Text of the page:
DURING Cop26 in Glasgow, we have seen a festival of grandiose speeches and sweeping rhetoric from Western leaders warning of the cataclysmic threat posed by climate change and advocating urgent collective action.
Yet these empty promises have not been backed up with the binding commitments that are required.
The final agreement, which included a shameful watering down of the commitment to phase out coal production, was utterly inadequate to meet the climate crisis at the scale it demands.
This gap between rhetoric and action was encapsulated by the revelation that Boris Johnson, whose speech opened the conference, has allowed his Conservative Party to accept £1.5 million in donations linked to oil and gas since he became leader.
The government simply cannot be trusted to take the radical action necessary to combat the climate crisis.
We should be considering the nationalisation and winding-down of fossil fuel companies, not accepting their blood money in exchange for political favours.
Since the Paris Agreement was reached in 2015, more evidence has been unearthed that shows breaching the 1.5°C threshold would lead to irreversible devastation.
According to Carbon Brief, with 1.5°C of warming, global sea levels will rise by 48cm by the end of this century, compared to 56cm if we hit 2°C.
Eight cm may not sound like a lot, but it means all the difference for millions of people. According to the Intergovernmental Panel on Climate Change (IPCC), every 10cm of sea-level rise affects up to another 10 million people around the world.
The Internal Displacement Monitoring Centre reports that hundreds of thousands of people are being displaced every year by floods in low-lying areas of Bangladesh.
Christiana Figueres, the former UN climate chief who oversaw the 2015 Paris summit, and Laurence Tubiana, the French diplomat who crafted the agreement, said that the targets agreed at the Cop26 summit are too weak to prevent disastrous levels of global heating.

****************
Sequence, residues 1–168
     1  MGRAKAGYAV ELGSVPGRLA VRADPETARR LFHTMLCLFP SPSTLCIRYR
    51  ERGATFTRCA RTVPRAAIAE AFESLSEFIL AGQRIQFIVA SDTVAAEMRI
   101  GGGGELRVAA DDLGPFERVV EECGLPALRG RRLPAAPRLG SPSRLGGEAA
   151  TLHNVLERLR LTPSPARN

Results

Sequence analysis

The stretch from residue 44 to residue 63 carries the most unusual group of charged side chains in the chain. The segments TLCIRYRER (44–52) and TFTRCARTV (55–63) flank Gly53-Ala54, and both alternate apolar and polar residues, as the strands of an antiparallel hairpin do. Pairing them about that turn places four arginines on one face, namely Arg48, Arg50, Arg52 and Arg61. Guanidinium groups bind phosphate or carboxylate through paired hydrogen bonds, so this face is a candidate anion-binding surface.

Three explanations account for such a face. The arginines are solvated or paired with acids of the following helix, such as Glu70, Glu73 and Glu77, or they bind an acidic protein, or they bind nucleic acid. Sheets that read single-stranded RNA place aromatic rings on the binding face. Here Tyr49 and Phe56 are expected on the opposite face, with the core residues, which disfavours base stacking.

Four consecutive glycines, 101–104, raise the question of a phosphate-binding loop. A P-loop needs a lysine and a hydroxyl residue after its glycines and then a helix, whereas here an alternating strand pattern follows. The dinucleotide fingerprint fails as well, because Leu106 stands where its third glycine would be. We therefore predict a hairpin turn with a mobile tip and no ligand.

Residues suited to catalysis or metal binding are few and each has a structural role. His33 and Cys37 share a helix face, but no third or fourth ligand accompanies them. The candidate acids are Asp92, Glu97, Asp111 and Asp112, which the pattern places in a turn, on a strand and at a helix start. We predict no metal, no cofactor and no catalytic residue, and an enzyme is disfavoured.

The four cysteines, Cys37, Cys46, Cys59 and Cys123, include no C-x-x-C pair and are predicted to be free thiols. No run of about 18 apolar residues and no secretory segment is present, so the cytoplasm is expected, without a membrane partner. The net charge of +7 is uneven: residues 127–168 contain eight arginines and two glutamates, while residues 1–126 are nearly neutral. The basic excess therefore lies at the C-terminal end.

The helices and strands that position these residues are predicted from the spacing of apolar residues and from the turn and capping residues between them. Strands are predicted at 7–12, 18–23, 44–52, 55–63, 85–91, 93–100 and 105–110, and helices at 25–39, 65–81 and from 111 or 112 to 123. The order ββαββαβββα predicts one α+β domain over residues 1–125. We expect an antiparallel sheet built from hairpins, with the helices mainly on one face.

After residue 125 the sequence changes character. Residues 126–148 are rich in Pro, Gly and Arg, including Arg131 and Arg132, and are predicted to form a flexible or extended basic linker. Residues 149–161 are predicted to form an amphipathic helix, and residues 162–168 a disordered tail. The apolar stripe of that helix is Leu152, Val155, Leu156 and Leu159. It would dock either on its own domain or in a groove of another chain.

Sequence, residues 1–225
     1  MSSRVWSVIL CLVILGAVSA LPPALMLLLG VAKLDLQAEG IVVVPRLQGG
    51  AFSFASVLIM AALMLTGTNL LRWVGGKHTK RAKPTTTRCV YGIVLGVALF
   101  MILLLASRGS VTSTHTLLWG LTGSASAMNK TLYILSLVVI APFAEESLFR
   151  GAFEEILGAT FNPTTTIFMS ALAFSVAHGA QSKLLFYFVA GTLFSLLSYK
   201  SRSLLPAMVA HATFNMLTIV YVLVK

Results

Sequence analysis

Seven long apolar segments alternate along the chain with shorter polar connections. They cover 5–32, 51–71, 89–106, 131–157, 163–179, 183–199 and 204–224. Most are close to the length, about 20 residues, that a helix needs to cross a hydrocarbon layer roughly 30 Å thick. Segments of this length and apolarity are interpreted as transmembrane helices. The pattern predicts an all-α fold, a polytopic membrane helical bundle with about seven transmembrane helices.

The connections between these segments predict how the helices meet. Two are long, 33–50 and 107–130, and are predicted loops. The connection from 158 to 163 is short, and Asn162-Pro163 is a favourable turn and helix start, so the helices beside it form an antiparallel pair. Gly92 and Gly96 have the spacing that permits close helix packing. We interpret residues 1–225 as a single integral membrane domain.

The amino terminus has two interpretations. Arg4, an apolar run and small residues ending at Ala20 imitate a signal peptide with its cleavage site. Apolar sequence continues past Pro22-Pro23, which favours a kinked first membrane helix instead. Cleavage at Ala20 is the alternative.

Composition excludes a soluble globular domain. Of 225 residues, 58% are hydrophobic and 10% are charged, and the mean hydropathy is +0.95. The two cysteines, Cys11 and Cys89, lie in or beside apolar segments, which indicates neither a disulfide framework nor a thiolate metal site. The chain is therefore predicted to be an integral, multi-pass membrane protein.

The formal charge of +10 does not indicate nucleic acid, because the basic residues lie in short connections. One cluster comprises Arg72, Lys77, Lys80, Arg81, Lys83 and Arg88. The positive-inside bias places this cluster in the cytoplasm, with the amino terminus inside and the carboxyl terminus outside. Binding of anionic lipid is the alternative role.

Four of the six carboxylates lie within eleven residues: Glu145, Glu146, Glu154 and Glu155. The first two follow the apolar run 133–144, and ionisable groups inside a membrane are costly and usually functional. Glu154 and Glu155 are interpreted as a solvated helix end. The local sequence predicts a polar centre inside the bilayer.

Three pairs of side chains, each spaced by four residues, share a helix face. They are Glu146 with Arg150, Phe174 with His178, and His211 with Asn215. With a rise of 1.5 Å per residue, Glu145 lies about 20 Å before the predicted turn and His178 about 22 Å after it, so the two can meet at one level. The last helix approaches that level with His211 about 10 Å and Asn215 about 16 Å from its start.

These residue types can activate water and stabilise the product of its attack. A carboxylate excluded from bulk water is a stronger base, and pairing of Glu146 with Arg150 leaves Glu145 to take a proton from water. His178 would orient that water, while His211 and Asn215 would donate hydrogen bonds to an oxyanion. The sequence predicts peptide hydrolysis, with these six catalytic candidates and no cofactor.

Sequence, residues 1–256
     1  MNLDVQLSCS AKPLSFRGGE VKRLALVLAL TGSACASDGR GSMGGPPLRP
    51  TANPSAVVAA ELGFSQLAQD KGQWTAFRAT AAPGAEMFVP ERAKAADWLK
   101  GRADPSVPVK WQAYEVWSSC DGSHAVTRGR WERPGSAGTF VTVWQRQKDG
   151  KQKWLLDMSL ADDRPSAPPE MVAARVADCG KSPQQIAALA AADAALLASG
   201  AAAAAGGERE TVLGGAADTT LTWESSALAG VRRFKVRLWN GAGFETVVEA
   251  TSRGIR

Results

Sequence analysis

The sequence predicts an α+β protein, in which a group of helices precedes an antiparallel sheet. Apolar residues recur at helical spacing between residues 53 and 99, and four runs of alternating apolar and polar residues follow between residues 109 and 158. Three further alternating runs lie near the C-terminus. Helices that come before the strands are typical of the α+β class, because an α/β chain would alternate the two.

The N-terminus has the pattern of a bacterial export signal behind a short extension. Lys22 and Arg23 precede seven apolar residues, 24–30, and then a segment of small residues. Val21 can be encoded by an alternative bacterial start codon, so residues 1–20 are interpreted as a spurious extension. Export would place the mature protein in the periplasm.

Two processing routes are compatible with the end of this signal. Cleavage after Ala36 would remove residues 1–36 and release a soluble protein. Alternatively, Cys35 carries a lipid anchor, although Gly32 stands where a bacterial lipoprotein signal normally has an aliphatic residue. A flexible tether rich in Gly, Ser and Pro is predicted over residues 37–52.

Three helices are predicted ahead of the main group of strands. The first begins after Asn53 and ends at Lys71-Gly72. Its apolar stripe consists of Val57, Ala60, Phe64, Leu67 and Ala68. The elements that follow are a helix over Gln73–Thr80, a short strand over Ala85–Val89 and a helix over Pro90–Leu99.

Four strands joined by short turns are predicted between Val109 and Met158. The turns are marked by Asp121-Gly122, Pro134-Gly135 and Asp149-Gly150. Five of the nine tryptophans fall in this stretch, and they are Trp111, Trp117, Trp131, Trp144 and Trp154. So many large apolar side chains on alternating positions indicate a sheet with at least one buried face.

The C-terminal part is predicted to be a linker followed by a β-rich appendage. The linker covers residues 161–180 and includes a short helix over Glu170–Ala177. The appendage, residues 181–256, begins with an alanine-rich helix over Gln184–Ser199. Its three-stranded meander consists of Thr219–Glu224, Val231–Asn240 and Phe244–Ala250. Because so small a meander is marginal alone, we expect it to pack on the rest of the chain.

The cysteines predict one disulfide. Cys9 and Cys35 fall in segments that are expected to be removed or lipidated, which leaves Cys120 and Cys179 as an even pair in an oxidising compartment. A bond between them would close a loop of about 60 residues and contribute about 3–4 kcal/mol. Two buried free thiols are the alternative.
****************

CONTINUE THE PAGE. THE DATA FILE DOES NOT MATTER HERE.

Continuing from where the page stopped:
Global heating has already reached 1.1°C, and extreme weather is on the rise around the world. The IPCC found that emissions must be cut by 45 per cent by 2030 to stay within 1.5°C.
Current national plans — known as nationally determined contributions (NDCs) — would lead to 2.4°C of heating, according to analysis by Climate Action Tracker.
The overall plan of Cop26 is that countries are expected to return with better pledges in 2025, but we simply cannot keep kicking the can down the road. The climate crisis is already here. We have run out of road.
It is crucial that governments around the world — especially in wealthier countries — seize the once-in-a-generation opportunity presented by the need to rebuild in the aftermath of the coronavirus pandemic to rapidly decarbonise our economy through a green recovery. The ambition showed at Cop26 was in no way sufficient.
There has also been a concerted effort of Western countries, led by US President Joe Biden, to blame China and Russia for intransigence on climate commitments.
It goes without saying that every country, including China and Russia, must make protecting the planet the utmost priority.
Yet this blame game is not only counter-productive but is hypocritical and designed to deflect from the historic and current environmental damage wrought by the West.
Leaders at Cop26 have refused to recognise the simple fact that the climate crisis is a symptom of capitalism and is therefore a class crisis.
It must be the big polluters and corporate giants that bear the costs, not ordinary people. As we rebuild a green world, we must bail out workers and the planet — not big polluters.
Without immediate government intervention, with a zero-carbon target date that aims for 2030, the urgent action required to preserve a habitable planet will be too slow.
This will cause unimaginable disruption and could cost millions of lives, most immediately and sharply in global South countries which have contributed the least to climate change.